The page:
Lion (African)

Panther leo

Classifaction

Domain Eukarya- All animals can be multicellular or single celled. All animals have a nucleus.

Kingdom Animalia-All animals are multicellular and have heterophs. Animals do not have cell walls because only plants have cell walls.

Phylum Choradata -Bilateral symmetry is when you can split a animal or a human and it would be the same thing when you fold it. A segmented body is section of your body. A lion also has segmented muscles that means that only one section of the body.

Subphylum Vertebrata- A lion has a vertabrate which is basically a back bone. The muscles are attached to the endoskeleton which helps the Lion's movement. The chain of bony elements helps its skeletal axis

Class Mammalia- This shows me that their are a lot of species of animals. This also shows me that animals can be founded in aquatic areas and on the ground. This shows me that their are 3 different kinds of mammals

Order Carnivora- This shows me that they don't eat eachother. This also shows me that want to be in the middle. This shows me that their are only 3 kinds of species now.

Family Felidae- Cats are found in all terrestrial habitats except treeless tundra and polar ice regions. Cats are found worldwide, and one species. Unlike other carnivores, felids rely almost exclusively on prey that they have killed themselves.

Genus Panthera- Roaring Cats

Species- Panthera leo

Physical + Behavioral Adaptations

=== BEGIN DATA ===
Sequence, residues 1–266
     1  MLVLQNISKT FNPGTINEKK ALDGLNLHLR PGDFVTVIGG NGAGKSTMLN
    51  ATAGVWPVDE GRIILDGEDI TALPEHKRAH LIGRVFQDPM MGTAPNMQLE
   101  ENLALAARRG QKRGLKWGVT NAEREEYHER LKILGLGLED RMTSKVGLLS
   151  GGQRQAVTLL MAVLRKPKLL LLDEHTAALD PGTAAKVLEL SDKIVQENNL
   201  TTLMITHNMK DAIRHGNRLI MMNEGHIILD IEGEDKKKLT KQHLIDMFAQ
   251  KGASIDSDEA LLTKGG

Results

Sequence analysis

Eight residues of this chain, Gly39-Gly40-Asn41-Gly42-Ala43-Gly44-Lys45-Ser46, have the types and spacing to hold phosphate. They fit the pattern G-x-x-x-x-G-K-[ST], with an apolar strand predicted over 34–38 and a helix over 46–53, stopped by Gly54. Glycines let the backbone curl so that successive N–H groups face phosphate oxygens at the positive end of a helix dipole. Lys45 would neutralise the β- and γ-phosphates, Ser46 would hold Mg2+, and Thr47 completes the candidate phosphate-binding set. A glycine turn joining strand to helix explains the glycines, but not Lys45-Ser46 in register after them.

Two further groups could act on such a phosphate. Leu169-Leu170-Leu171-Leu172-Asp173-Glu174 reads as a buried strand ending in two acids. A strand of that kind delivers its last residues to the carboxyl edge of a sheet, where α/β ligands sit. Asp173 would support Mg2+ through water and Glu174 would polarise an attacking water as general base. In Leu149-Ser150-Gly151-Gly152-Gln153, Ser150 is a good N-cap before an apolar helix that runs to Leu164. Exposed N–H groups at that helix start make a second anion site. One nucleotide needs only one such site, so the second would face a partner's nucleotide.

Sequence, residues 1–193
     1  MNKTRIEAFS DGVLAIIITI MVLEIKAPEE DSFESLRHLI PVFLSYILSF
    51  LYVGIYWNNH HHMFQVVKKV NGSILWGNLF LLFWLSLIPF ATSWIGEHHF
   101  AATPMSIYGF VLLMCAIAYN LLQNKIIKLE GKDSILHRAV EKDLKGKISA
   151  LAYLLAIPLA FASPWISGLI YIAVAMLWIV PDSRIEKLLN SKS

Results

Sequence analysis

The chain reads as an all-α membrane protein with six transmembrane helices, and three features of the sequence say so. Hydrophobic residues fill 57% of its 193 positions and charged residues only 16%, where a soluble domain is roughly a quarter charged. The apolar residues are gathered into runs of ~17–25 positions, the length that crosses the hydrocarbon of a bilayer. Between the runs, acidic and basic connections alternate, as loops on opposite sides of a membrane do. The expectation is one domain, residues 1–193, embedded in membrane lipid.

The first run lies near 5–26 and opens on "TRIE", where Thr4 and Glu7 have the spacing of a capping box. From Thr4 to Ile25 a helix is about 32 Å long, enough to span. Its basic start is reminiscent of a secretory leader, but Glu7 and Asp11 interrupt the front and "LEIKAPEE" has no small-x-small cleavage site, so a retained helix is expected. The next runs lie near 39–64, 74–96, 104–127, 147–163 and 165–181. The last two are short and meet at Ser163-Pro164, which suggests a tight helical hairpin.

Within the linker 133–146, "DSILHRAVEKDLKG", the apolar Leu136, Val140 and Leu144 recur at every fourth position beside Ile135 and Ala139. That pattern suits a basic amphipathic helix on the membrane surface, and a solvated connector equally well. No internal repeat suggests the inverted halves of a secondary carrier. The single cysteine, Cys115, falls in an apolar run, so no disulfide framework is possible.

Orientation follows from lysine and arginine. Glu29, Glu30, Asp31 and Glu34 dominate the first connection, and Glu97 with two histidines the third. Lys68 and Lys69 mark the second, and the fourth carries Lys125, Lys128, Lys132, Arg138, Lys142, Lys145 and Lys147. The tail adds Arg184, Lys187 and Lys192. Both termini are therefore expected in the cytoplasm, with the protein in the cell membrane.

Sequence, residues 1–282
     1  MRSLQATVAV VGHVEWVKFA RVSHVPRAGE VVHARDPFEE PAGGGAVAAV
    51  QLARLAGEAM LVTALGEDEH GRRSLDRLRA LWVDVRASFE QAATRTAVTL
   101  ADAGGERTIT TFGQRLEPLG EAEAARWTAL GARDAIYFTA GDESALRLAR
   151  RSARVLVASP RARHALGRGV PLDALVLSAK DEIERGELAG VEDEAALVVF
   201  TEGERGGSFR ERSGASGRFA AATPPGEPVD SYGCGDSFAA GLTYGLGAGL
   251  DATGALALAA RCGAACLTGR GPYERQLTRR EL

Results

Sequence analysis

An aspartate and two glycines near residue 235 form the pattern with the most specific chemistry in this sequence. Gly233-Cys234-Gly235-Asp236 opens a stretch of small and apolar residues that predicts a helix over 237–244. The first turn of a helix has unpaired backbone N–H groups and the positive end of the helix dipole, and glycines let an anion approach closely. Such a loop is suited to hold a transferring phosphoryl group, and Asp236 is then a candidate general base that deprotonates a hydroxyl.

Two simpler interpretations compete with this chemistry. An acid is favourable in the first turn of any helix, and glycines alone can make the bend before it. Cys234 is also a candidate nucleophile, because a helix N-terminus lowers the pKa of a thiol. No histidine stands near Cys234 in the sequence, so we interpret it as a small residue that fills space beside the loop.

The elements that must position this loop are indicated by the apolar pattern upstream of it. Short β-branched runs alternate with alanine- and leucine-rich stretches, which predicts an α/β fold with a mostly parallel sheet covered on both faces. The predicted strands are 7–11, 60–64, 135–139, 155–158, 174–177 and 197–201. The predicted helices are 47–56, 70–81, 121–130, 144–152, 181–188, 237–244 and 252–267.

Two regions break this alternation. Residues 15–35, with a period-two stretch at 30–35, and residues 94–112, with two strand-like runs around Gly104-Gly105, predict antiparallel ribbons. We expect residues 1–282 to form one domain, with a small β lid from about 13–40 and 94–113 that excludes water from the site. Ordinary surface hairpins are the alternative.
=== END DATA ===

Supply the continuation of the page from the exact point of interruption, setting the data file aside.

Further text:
Physical Adaptations

Female lions are the pride's primary hunters. They often work together to prey upon antelopes, zebras, wildebeest, and other large animals of the open grasslands. Even though male lions are the leaders the Females do almost all the hunting on antelopes, zebras, wildebeest, and other large animals. They have sharp teeth that are perfect for chomping, and biting and chewing up meat. This shows me if the lion didn't have sharp teeth it could not eat any meat of other hard thing such as other animals or bones. The pads on their feet protect their paws from the rough terrain that they might walk over.

This shows me that if the panthera leo didn't have pads it wouldn't have any protection on there paws, so they could not walk/run in the rough terrain areas. They have sharp hooked claws which they can retract or extend at will. This also shows me that if the lion didn't have so sharp of claws it couldn't go up to 40 miles per hour. Lion's coats are perfect camouflage for sneaking up on their prey. This shows me that the lion can sneek up on prey without them being seen

Behavioral Adaptions